Bank of Spain raises growth forecast to 1.9%, but rules out compliance with fiscal rules due to public spending slippage

spain foreign policy

In its latest projections – published yesterday – the Bank of Spain predicts a rise in GDP 2024 to 1.9%, three tenths above the last projection made in December, thanks to the drag effect generated by a better-than-expected end to 2023, but above all to the increase in public consumption.

The bank warns of the extraordinary increase in public consumption in 2023 to almost 4%, even higher than in 2020 and 2021, the years in which the outbreak of the pandemic required the greatest effort on the part of the State: “The high dynamism shown by public consumption was surprising; a vigour that would have led to this item increasing by 3.8% in 2023 as a whole, a rate higher than those observed in 2020 and 2021 during the period of greatest impact of the health crisis,” explains the document, which reveals that this upturn has contributed to an increase in total public spending of 7.5%, much higher than that recorded in the previous two years. This, they say, will put additional pressure on public accounts, at a time when European institutions are demanding an adjustment.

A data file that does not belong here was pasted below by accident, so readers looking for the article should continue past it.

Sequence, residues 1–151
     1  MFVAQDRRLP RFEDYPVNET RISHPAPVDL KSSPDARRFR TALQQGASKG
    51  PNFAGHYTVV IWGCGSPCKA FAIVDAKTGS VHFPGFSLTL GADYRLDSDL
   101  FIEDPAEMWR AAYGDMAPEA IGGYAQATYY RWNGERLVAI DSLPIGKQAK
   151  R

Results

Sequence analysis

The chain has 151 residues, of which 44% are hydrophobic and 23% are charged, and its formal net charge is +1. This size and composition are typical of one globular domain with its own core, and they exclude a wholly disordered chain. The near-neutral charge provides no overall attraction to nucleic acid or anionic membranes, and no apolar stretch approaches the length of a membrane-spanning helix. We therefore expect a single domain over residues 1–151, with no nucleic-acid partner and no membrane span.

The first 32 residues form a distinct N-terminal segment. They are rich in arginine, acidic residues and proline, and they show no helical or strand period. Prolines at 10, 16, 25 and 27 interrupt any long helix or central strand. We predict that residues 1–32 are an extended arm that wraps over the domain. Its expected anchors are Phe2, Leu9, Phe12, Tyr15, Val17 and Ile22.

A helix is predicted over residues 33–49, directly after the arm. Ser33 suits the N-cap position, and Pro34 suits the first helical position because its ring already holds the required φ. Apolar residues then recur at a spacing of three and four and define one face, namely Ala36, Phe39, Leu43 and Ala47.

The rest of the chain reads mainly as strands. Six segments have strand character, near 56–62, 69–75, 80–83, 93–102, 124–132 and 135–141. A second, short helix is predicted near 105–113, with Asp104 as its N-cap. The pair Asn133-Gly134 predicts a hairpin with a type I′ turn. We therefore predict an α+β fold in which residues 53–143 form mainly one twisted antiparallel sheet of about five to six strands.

Added to this is the effect that the staggered extension of the anti-crisis measures decreed last December will have on the deficit target. Thus, the entity rules out Spain complying with Brussels, which demands that the figure should fall below 3%. The report calculates a deficit of 3.5% this year, a level that will not be lowered in the following two years; to achieve this, the institution points out, the government would have to cut spending by half. “It is not because of revenue, which is growing at high rates, but because of the dynamism of spending, increased by public consumption, by spending on benefits and more specifically by spending on pensions,” said Ángel Gavilán, Director General of Economics.

Moreover, the Bank of Spain believes that the weakness of private consumption and business investment will have a negative impact on the Spanish economy during the initial part of 2024.

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